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The Verge Mapped Broadband Access Across the United States

The Verge has used data compiled from Microsoft to map broadband access in the United States. It paints a much darker picture than the US Federal Communications Commission broadband map with self-reported ISP numbers. The Verge’s map lets you mouse over each county in the United States to see the percentage of people using the Internet at speeds of 25 Mbps or more. Blue areas indicate areas in which less than 15% of the population has access to those speeds.

The Verge's broadband map

The past year of remote work and school has highlighted the need for greater broadband access throughout the country. Broadband hasn’t been a luxury for a long time—it’s a basic utility in the modern world.

(That said, this data may not demonstrate quite what it purports to show. It claims that only 36% of households in Macon County in Tennessee, where managing editor Josh Centers lives, use broadband speed. However, nearly everyone in the county has access to fiber-optic broadband with no installation costs and reasonable monthly fees. If people aren’t buying that level of Internet access, it’s either due to poverty, which is a much bigger problem, or just not wanting the service, which may or may not be a problem. Also, the local power company has been rolling out fiber in neighboring counties.)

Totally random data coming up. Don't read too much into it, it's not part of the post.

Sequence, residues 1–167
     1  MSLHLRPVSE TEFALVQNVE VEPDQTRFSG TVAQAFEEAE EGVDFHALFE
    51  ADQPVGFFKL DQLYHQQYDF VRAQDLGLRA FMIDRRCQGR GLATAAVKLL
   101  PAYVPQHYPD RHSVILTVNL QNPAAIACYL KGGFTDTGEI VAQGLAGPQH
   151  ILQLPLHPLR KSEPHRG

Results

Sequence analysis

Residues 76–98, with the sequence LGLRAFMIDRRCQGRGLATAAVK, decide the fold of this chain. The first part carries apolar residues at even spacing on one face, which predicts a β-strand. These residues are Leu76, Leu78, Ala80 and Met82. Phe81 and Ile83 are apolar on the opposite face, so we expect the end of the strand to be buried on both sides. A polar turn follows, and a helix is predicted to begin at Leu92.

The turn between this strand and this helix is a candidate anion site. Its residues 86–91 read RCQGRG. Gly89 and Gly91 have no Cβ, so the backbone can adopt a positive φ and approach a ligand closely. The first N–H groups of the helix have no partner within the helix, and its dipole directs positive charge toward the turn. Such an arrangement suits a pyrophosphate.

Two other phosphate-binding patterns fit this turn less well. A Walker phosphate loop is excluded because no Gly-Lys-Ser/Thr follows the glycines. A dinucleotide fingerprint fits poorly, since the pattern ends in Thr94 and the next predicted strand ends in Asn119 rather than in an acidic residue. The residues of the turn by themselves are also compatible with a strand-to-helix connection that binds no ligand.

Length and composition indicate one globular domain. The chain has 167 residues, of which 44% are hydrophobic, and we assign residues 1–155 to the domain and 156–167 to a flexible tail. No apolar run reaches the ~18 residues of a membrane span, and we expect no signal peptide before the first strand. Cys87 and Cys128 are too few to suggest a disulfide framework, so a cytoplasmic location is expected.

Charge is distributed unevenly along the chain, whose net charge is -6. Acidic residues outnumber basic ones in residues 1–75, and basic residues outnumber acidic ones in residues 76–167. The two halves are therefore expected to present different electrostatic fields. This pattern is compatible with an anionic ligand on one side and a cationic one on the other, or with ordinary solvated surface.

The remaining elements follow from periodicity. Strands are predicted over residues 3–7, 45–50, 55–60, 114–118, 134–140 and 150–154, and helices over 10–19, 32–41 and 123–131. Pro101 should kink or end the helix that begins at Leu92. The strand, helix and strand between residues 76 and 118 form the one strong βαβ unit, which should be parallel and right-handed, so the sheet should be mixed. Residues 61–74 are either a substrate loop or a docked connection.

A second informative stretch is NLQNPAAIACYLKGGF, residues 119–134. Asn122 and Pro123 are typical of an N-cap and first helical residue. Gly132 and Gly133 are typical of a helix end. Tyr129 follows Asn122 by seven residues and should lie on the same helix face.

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Comments About The Verge Mapped Broadband Access Across the United States

Notable Replies

  1. Hmm, my county is apparently at 99%, which is pretty impressive, but probably a good bit higher than it is in reality.

  2. 15% is a ridiculously low threshold! Turn that around, and it means that 85% do NOT have broadband. Really? Is that considered acceptable?

    I have a cabin on a lake in the Adirondacks with DSL which has a rated speed of 185 kbps but feels like dialup. If more than one device is on, nothing gets through.

    However, 2 companies are running fiber, so maybe next year my internet will finally arrive in the 21st century.

  3. Not only is 15% a low threshold, but the avaraged data don’t point to disparities within counties. Some parts of the Chicago/Cook County area, for example, might be closer to 80%, while others are much lower. There are only two providers in my part of the city (despite its proximity to a major university), and only one offers speeds greater than 12Mbps down.

  4. Interestingly the map seems to remind me of the Bible-belt. Coincidence?

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